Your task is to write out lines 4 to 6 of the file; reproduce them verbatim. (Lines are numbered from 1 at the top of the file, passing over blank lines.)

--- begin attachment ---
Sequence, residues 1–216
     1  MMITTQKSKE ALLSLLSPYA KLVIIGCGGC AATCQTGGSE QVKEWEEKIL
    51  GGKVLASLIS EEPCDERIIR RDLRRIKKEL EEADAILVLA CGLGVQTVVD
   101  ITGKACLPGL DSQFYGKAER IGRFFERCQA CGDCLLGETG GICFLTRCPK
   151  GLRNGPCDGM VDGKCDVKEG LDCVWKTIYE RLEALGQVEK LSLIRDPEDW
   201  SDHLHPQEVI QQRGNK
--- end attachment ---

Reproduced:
   101  ITGKACLPGL DSQFYGKAER IGRFFERCQA CGDCLLGETG GICFLTRCPK
   151  GLRNGPCDGM VDGKCDVKEG LDCVWKTIYE RLEALGQVEK LSLIRDPEDW
   201  SDHLHPQEVI QQRGNK